Well I am unintentionally reviewing two books about the going-ons in the White House back to back. Inside the Residence, which did share some secret insights to the inner workings of the men who run our nation, has nothing on the information Alexander Butterfield shares from his three years in the Nixon inner circle.
The Last of the President’s Men is Butterfield’s side of the well known Nixon story; it is handled with care by Nixon aficionado Bob Woodward. My biggest complaint would be the jump between past and present tense throughout the retelling of Butterfield’s time with Nixon. Often within the same anecdote. I listened to the audiobook so I don’t know if I missed some punctuationational indication of the tense change but sometimes Butterfield was talking like his Nixon years were in the past and sometimes he was talking like he was actively in the moment.
You get a quick summary of Butterfield’s life prior to his time with Nixon. He was enjoying a career in the air force but feared a position in Australia, during the height of the Vietnam War, would halt his plans for further promotions. When he heard an old college friend, Bob Haldeman, was going to be Nixon’s Chief of Staff Butterfield reached out for the chance at a job in Washington. Butterfield accepted a position as Haldeman’s deputy; he became one of Nixon’s right hand men and the rest is history.
Nixon was messed up y’all.
First of all, the first two months of Butterfield’s time in the White House he had to hide behind things when Nixon entered the room because he was wary of new people and Haldeman hadn’t found a good time to introduce the two. Also, one of Butterfield’s job assignments was to be the go between for Nixon and his wife, Pat, because they never conversed. Butterfield goes as far as to say Pat was a borderline abused wife, although Nixon never physically hurt her, because he would ignore Pat in front of other people.
I knew he was paranoid but it went beyond your standard “look behind your shoulder at every turn” paranoia and became a crippling affliction. Obviously, Nixon’s most famous paranoid action was having a secret taping system installed in the White House. Butterfield began to realize his role in the Nixon White House was getting to his personal belief system when he didn’t bat an eye at putting a spy in Ted Kennedy’s secret service detail.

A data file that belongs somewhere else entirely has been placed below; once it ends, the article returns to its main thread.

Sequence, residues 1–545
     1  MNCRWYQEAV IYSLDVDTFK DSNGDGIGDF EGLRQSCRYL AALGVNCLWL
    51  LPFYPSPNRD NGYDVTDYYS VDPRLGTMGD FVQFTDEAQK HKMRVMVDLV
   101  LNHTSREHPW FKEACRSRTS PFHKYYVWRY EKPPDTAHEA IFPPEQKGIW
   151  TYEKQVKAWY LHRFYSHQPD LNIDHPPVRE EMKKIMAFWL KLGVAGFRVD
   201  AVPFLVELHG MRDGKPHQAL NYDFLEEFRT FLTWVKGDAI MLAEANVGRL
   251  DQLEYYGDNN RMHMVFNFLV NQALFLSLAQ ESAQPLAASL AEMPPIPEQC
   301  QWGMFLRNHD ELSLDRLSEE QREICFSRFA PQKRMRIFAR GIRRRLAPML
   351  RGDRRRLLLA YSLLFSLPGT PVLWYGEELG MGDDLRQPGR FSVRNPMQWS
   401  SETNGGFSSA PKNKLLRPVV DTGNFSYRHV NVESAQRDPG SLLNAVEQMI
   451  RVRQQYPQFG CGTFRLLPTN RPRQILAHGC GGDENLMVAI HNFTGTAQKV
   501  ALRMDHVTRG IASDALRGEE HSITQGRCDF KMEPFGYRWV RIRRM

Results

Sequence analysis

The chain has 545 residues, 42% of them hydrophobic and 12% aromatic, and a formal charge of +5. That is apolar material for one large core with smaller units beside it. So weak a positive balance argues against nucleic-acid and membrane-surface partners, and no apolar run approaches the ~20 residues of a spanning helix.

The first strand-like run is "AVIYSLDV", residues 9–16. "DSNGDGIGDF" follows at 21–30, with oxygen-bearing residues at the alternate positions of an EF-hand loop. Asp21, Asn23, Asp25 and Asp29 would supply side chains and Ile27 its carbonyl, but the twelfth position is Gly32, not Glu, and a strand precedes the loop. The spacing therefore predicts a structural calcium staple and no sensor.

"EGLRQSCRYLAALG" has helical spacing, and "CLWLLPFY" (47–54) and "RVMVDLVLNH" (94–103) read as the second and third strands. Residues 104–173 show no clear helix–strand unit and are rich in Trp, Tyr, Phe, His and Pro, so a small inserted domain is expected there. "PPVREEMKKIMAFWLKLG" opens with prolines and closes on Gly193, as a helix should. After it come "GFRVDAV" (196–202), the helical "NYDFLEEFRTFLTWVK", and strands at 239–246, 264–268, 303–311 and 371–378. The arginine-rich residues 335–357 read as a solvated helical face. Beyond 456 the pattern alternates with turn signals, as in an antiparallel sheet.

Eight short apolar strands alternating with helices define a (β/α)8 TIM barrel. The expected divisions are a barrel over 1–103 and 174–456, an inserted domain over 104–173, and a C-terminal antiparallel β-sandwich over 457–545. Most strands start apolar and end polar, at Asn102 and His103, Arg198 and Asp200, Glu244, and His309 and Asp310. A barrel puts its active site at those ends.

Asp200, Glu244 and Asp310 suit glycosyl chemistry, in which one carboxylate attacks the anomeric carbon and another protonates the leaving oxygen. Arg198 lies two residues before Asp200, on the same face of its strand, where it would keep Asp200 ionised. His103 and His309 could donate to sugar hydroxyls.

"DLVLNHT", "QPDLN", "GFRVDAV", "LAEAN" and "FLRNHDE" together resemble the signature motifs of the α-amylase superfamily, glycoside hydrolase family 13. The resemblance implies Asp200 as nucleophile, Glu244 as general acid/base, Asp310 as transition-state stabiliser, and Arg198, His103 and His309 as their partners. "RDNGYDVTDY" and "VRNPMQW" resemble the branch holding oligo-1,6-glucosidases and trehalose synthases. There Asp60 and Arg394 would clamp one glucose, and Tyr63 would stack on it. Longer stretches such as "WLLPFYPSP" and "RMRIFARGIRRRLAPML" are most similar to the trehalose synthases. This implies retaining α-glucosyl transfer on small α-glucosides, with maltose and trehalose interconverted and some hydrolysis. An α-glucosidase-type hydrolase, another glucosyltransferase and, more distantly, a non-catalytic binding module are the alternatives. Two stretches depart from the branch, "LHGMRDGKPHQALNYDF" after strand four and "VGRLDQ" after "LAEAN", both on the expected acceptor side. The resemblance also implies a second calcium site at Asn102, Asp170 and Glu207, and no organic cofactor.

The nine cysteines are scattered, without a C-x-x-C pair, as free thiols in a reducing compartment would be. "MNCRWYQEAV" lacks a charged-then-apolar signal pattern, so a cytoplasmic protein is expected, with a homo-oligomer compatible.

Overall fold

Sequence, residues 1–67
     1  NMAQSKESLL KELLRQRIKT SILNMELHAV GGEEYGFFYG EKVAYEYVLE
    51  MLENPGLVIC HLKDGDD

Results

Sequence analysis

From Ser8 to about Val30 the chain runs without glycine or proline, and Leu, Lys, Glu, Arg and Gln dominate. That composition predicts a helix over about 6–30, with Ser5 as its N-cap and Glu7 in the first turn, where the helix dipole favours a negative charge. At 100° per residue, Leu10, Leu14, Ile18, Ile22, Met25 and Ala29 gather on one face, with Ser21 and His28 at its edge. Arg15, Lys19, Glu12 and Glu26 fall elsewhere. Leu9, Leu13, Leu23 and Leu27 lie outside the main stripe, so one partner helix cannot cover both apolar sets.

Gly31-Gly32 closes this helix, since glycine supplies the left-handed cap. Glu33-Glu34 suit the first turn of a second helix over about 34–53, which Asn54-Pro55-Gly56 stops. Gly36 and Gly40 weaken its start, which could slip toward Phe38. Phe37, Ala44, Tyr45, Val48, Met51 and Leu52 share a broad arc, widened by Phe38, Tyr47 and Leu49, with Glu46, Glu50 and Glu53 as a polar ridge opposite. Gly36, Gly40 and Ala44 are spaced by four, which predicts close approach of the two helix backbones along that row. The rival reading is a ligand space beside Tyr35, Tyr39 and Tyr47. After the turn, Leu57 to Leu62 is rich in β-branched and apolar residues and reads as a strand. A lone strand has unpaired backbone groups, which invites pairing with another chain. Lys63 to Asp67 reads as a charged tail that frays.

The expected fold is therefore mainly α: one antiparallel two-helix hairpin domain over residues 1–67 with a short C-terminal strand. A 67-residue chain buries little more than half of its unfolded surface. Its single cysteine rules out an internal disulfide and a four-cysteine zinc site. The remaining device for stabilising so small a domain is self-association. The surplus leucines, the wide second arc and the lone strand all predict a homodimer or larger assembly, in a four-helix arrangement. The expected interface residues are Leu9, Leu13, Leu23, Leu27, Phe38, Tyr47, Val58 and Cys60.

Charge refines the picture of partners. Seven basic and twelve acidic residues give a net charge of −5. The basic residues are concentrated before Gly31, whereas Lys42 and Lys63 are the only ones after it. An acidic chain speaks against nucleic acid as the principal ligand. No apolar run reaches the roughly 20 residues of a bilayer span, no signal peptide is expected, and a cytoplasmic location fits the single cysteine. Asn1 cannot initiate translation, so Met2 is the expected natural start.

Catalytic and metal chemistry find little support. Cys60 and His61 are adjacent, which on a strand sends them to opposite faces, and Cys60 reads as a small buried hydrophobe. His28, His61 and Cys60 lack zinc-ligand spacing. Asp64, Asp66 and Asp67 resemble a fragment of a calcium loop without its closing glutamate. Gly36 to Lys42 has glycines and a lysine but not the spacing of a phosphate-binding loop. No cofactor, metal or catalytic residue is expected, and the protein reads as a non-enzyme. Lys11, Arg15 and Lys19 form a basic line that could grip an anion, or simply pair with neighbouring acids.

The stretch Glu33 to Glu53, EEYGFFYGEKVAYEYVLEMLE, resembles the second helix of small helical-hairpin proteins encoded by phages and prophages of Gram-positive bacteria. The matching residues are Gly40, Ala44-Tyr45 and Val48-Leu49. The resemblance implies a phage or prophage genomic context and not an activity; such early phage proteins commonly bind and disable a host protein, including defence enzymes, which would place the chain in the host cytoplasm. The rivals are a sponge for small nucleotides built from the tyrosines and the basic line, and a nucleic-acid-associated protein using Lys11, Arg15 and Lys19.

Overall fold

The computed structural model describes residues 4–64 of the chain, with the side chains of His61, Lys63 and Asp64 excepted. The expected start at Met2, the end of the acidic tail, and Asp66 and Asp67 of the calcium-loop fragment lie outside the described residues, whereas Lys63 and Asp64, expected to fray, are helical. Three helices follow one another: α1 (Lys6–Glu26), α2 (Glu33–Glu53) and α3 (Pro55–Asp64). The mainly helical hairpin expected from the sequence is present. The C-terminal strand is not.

“When you’re in the White House,” Butterfield said, “everyone lies. You can sort of get feeling immune.”
After Nixon’s reelection he requested all staff members give their resignation although they could request a new assignment (or to stay in the same assignment) but he wanted to start from scratch if he so chose. Butterfield opted to use the opportunity to have a job outside of the White House and he was named the Director of the FAA. It was after he left the White House that the investigation into the role the White House played in the Watergate cover up began. Butterfield was staying above the fray until his name was brought up by Woodward & Berstein as someone who may know something; Butterfield maintains he had no knowledge of the cover up but that he did know how the White House operated. Eventually Butterfield was brought in before the Senate select committee; he did not plan to divulge the secret taping system but vowed to himself that if asked directly about a taping system he would be honest. As history knows, Butterfield was asked the million dollar question and the tapes became public knowledge; with the tapes in the public’s hands and the infamous gap in the recordings Nixon eventually resigned the presidency.
I appreciated the narrow view Woodward took, sticking primarily to the three years Butterfield was in the inner circle and the two years that followed. It was an immensely interesting read.